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International Programmers' Day: The Poom & Ash Edit

Which of these stories sounds most familiar to you? 

Your alarm goes off in the morning. You load your fitness app for a session of cardio, then sit down at your computer for a day of work. Or it's the weekend, the kids are going wild, so you turn on the TV, settle them down, and take a moment to breathe while scrolling through your phone.

The answer is, it doesn't matter. A world without computers, big, small, and microscopic, would radically change these scenarios every day. This is the effect programmers have had on our lives. 

With International Programmers' Day spotlighting the achievements of programmers around the world, we wanted to look a little closer to home. In this spotlight, we're celebrating Poom, our Head of Platform, and Ash, our Solution Architect!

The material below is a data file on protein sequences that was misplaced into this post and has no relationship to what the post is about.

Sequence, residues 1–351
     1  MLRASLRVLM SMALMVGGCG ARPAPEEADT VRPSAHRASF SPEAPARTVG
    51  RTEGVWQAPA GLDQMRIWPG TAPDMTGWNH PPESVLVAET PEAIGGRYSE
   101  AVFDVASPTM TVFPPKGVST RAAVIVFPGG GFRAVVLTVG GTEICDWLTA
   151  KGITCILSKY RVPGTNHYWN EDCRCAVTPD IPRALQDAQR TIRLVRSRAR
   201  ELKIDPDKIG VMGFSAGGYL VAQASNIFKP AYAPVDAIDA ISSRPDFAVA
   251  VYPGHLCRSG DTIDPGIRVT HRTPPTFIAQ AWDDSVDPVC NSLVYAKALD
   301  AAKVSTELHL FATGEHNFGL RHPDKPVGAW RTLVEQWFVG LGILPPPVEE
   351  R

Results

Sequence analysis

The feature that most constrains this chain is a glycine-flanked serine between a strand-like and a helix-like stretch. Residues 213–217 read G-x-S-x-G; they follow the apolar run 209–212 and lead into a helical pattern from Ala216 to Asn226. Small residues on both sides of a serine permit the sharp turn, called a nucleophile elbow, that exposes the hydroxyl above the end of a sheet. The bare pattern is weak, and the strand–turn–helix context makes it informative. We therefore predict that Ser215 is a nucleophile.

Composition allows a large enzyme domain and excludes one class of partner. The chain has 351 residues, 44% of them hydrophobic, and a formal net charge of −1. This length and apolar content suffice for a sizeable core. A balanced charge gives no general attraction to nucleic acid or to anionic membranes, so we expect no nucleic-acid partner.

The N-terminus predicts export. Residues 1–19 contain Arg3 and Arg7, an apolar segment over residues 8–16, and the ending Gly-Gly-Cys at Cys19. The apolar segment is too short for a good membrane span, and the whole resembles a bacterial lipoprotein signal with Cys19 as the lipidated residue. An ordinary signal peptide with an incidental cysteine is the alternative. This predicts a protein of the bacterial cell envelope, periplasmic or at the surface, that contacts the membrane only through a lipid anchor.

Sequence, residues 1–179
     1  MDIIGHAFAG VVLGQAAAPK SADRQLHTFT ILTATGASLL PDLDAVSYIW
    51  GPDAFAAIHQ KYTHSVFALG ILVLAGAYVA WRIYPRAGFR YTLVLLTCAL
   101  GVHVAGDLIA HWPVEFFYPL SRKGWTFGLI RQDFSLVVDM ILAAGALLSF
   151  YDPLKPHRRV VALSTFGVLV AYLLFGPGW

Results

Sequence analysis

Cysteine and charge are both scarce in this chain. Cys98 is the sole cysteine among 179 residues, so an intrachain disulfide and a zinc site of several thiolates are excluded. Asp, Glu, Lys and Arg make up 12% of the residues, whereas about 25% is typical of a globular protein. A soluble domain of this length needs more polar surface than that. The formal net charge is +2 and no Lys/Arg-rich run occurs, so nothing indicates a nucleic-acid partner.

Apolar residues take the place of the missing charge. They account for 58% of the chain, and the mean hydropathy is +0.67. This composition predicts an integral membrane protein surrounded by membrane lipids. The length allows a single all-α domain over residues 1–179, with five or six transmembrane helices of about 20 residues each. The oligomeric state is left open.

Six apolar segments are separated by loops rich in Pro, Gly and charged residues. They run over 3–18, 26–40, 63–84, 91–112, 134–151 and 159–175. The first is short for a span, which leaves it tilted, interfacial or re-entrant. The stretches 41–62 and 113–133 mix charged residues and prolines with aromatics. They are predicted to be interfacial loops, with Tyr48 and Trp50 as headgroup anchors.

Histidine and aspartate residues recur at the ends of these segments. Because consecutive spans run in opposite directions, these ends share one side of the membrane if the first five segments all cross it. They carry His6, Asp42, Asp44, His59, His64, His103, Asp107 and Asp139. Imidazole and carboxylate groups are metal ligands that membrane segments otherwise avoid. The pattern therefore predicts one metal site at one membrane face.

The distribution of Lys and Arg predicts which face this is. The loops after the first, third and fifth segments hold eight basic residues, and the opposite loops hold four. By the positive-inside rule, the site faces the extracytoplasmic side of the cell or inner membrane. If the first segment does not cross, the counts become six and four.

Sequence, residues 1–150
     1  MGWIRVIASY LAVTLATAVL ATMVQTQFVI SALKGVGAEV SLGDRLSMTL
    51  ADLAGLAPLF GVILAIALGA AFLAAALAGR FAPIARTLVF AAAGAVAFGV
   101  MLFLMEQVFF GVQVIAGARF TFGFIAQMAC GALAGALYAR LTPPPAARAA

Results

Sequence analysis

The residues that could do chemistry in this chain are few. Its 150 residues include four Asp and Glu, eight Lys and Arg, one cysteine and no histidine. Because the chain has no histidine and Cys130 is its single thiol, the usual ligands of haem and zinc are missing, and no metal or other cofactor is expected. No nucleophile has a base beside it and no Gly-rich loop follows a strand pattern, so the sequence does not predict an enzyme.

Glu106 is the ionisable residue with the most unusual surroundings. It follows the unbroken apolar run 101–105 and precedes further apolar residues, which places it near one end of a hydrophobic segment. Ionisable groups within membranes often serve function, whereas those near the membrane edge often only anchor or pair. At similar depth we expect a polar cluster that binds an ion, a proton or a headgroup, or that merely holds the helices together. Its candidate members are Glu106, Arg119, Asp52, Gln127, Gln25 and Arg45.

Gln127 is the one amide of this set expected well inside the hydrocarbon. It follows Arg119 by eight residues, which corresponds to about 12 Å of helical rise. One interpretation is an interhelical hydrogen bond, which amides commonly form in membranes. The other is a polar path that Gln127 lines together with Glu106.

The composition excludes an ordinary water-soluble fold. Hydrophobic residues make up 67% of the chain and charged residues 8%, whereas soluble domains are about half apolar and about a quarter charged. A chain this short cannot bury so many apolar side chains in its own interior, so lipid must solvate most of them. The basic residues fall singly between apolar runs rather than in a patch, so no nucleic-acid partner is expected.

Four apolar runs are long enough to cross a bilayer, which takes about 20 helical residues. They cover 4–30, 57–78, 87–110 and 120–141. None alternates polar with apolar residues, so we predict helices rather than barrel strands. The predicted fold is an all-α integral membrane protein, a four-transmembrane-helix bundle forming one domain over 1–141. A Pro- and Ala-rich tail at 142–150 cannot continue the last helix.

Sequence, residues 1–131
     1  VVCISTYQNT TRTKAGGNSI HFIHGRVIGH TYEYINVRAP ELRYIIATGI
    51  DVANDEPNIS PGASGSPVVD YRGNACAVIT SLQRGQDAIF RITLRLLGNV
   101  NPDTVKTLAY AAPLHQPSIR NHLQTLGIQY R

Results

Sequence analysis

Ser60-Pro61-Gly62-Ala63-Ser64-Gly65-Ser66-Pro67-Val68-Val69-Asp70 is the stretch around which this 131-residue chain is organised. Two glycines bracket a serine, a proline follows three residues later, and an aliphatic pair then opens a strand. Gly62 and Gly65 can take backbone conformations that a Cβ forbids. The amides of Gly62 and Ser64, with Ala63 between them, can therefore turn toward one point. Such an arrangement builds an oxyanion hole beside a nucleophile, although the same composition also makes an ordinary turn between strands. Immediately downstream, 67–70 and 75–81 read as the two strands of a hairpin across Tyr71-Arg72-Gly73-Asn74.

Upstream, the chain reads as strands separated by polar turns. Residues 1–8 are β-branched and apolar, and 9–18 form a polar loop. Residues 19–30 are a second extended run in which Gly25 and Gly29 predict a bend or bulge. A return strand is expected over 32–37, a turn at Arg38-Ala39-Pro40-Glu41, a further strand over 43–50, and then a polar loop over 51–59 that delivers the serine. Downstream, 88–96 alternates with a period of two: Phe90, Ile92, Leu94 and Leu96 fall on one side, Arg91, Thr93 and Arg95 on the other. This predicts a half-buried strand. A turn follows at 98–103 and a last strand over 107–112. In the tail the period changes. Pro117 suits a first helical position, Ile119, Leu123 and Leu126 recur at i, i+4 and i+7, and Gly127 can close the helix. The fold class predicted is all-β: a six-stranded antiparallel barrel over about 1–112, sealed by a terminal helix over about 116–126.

Guys, introduce yourself and what you do at Brikl.

Poom: Hey there, I'm Poom, and I'm the Head of Platform at Brikl. So I'm leading front-end and infrastructure development to help Brikl work  efficiently, helping developers when they need it.

Ash: My role at Brikl is Solution Architect. My responsibilities involve improving the developer experience, building developer tools, and finding better ways to deliver documentation to developers. This helps integrate our products into existing systems using Brikl SDKs or APIs. 

 

Poom, you started building game modifications when you were 6. What kind of mods did you make and how did that lead to you building software?

When I was six, I started playing Minecraft, which is a game about building. I created some mods that provided custom lighting and a 3D model of a boat to help me play in a much more fun way with my friends. 

Then when I entered middle school, my knowledge of Java and building web apps helped me sell my products in-game. Afterwards, I started learning how to develop more web apps and submitted them to school competitions.That’s how my journey started!